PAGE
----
FIGS. 4p-1 and 4p-2 illustrate adding multiple ranges for a section. In some embodiments, the ranges are automatically arranged, aligned, sized, and validated against a section boundary for potential overlapping. In FIG. 4q, section memory is compacted if ranges other than the last are deleted. Ranges may be fixed, e.g., remain at its specified address, even if ranges above (at lower addresses) are removed. Ranges may also be reserved, e.g., not to be used by the application.

FIG. 4r illustrates adding a named shared memory section representing virtual memory. FIG. 4s illustrates adding a range to the named shared memory section. A virtual section, in some embodiments, uses offset addresses that are relative to a virtual address as determined runtime with use of a key. According to some embodiments, a key is a unique named shared memory identifier specified by the user. As an example, a key is an identifier in a memory map having a string of characters as a value. An example identifier for a key may be mwk0 (short for middleware key 0, “Shared Memory Key,” see FIG. 4s). The key is used by the runtime software by the entities (i.e., core, process) sharing the memory to identify the memory. The key has to be unique since the key is used by the entity to identify the named shared memory section. In this regard, the key is mapped to a specific named shared memory section. For example, if a first entity and a second entity need to access the same named shared memory section, both the first and second entities need to provide the key associated with the named shared memory section to access the named shared memory section.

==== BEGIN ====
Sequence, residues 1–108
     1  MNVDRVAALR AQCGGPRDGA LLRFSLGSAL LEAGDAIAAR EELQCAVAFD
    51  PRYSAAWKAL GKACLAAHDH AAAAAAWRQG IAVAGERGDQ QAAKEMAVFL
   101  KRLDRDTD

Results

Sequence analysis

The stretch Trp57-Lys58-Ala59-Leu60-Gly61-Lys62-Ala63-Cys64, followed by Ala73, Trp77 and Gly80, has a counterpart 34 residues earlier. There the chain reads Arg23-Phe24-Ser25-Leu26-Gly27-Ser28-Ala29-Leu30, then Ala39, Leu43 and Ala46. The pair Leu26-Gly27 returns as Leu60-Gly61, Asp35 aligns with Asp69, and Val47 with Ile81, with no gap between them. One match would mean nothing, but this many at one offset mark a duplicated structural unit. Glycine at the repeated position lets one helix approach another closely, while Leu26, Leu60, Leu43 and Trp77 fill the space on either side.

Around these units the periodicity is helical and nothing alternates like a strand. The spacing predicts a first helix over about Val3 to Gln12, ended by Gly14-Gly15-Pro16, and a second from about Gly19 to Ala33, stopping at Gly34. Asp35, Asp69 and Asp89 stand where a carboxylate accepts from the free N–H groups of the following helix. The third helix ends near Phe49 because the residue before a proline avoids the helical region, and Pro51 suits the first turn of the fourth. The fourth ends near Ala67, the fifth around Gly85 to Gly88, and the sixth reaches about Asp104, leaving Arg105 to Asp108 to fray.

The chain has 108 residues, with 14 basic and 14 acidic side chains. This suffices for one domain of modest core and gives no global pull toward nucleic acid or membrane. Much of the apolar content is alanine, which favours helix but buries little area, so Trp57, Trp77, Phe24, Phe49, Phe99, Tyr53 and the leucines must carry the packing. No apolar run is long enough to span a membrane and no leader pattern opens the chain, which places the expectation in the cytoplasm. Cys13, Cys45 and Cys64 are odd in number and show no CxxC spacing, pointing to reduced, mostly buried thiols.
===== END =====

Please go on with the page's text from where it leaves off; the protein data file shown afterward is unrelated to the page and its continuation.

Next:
FIG. 4t illustrates an example of adding multiple ranges.

FIG. 5a illustrates example memory layouts for two different multicore computer platforms. In this example, the different multicore computer platforms contain the same types of memory (e.g., ROM, I/O, SRAM, DRAM, etc.), but at different address locations and with different sizes. FIG. 5b shows excerpts of the corresponding generated memory map definition for multicore platform 1. FIG. 5c shows excerpts of the corresponding generated memory map definition for multicore platform 2. Platform 2 has more available fast SRAM, which can be used to speed up processing on that platform. FIG. 5d shows example program code, utilizing the symbolic definitions from the memory map definitions, which can therefore be used on both multicore platforms, unchanged. In this regard, without the memory map definitions, an application developer would need to write two separate pieces of code or more complex code for the same application with the identifiers in the memory map definitions replaced with hardcoded values specific to the memory layouts for Platform 1 and Platform 2. Thus, the memory map definitions permit the application developer to write the application once that can be used on both Platforms 1 and 2.